Photographer's Note

Hello friends and colleagues, today I present this interesting view of the famous and beautiful galleries of the city of La Coruña, unique facades of this beautiful community is autonomous Galicia, hope you like it, then some letters on the famous galleries and over the city.

Galleries La Coruna.
The galleries, which are best represented by the set of grouped them in the houses of La Marina, but have plenty of examples in the city and county. These galleries are what led to the designation of Corunna as Crystal City. It is enclosed balconies with woodwork painted white and with a large area of ​​glass that function as miraderos and are characteristic of the houses in the Avenue Marina de La Coruña. The galleries are, in truth, the rear facades of the houses. From the nineteenth century and stem from the emergence of the market for flat glass and cut, initially manufactured in La Granja de San Ildefonso (Segovia). They arrived first at Ferrol for glazing the sterns of the galleons in the mid eighteenth century and were used to close the homes of Ferrol, Pontedeume, Betanzos and Corunna. The purpose was to allow sunlight enter the indoors avoiding the rain. There are also balconies of wrought iron and cast iron.

La Coruña (in Galician and officially A Coruña) is a town and municipality in Spain. It belongs to the autonomous community of Galicia and is the capital of the homonymous province.

Important historic port, is located on the northwest coast of the Iberian Peninsula, in the Rias Altas. The center of the city lies on a peninsula connected to the mainland by a narrow isthmus, thus having two different coastlines: the port (towards the estuary of La Coruña) and other open sea towards Orzán Cove, and on extending the main urban beaches (Riazor and Orzán).
Much of the area devoted to industrial activity is located in the neighboring municipality of Arteijo, one of Galicia's most industrialized. Thus, is centered mainly in the service sector. Its secondary sector is mainly concentrated in the port and oil refinery.
The climate is oceanic in its southern range, with mild temperatures all year.
The municipality is bordered on the north by the Atlantic Ocean, on the east by the estuary of La Coruña and Oleiros Township, on the south by the municipality of Culleredo and west by Arteijo.

The bay of La Coruña is cited by classical geographers by the name of Portus Magnus Artabrorum (Grand Harbour of Artabros), and was one of the key points in the "path of tin." The name seems to correspond to the current Brigantium Betanzos. Ptolemy refers to the city of Faro (it certainly belongs to the current Coruña) and cites the Tower of Hercules. Dion Cassius speaks of Caesar's arrival on the shores of Brigantium. Under the Romans, Corunna was the end of a road and port of some importance. Julius Caesar's troops arrived in the year 62. C. and Romans as they baptized Brigantium place. In s. I d. C. they built the Tower of Hercules lighthouse called proof of the importance attached to the sea route through the area and in ancient times. Recently there have been remains of a necropolis and other Roman buildings under solar works in areas of Fish and Monte Alto.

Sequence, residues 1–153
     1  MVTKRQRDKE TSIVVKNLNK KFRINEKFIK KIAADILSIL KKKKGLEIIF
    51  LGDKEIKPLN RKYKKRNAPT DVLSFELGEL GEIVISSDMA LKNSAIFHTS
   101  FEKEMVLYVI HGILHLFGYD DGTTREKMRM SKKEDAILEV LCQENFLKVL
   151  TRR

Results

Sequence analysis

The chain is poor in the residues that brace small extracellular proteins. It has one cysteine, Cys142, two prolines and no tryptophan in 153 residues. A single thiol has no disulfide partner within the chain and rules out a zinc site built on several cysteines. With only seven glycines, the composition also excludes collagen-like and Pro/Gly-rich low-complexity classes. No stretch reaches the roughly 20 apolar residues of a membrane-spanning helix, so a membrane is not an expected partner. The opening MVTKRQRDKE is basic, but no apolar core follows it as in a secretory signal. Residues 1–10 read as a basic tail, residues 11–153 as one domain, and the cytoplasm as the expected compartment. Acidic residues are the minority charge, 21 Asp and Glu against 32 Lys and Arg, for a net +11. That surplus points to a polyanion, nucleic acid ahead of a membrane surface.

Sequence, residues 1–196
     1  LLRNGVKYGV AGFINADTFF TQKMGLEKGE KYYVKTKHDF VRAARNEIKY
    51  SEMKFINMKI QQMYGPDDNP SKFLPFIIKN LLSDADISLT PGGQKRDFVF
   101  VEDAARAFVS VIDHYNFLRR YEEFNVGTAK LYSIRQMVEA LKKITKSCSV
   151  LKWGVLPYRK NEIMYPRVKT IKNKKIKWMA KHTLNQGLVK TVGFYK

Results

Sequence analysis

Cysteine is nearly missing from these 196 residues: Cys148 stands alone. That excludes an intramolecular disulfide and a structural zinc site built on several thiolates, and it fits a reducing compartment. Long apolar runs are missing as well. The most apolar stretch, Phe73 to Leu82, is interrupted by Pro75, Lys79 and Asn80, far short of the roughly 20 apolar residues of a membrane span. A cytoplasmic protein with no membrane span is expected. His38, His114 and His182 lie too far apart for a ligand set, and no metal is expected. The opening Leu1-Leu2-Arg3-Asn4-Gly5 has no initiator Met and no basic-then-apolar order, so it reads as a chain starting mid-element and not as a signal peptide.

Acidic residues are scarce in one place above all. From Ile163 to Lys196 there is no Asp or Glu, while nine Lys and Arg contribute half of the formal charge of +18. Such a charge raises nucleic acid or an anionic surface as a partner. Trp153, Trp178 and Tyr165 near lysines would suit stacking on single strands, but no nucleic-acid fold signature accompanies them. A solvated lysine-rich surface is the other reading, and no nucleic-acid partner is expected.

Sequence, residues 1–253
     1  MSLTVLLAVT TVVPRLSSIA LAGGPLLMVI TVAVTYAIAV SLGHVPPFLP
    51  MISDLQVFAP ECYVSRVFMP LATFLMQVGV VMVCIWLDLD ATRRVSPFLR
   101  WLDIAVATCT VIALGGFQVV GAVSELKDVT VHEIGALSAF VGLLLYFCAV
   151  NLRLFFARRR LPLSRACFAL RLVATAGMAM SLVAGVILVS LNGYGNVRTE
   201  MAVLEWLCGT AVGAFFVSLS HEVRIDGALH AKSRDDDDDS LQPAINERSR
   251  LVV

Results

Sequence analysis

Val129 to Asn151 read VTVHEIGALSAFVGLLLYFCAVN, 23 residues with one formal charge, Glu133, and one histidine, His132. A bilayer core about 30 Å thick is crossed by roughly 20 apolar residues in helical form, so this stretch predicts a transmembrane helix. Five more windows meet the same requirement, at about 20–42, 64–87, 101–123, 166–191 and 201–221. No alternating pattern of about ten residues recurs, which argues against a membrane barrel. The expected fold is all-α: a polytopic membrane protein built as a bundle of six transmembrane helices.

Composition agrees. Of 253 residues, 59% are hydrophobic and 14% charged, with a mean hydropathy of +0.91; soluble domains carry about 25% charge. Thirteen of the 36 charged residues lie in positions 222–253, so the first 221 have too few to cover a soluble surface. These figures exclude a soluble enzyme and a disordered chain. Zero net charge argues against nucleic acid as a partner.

After the fall of the Roman Empire, the tiny settlement on herculino fall under Visigothic rule and Swabian. The Arab invasion of the Iberian Peninsula in 711 only had an impact in this area, that in less than a century became part of the Christian kingdom of Asturias. Bermudo II Compostela Church gives dominion over Crunia and Faro Island (then known as the peninsula on which stands the Tower of Hercules) but between the ninth and tenth centuries, newspapers Viking fleet attacks end with the depopulation of the area and its inhabitants preferred to settle in the area Betanzos, an area of ​​the estuary more protected.

It was not until 1208 that the city was refounded by King Alfonso IX of León, transferring to the inhabitants of the nearby village of El Burgo to the current site of the Old Town, rebuilt the city and granting privileges Law of Benavente. So, Corunna becomes an enclave that reports directly to the king, free of vassalage to clergy or feudal lords who divided the rest of the Galician.

Decades later, his successor Alfonso X granted exclusivity to the town landing and selling salt without paying taxes, which translates into a great economic prosperity.

During the reign of Henry III, in the last years of the fourteenth century were built the walls that protected the grounds of the Old City. Some remains are preserved, and three doors that opened the city to the sea along Parrote Ride, bayfront. There also remains the stronghold known as the Old Fort, which is the present Garden of San Carlos.

Already in the fifteenth century, Juan II gave La Coruña the title of city in 1446. Charles I held it cuts, the House of Trade established for spices and departed from the port to be crowned emperor in Germany.
Source Wikipedia, for more information from the same source.
Model: NIKON D3100
Software: PhotoScape
Exposure Time: 10/8000 sec
F-Stop: f/8.0
ISO Speed Ratings: 400
Focal Length: 52 mm
Date Taken: 2011-07-07 12:28
Metering Mode: Center Weighted Average
File Size: 269 kb

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Additional Photos by angel cornejo (cornejo) Gold Star Critiquer/Gold Note Writer [C: 4692 W: 5 N: 10266] (52234)
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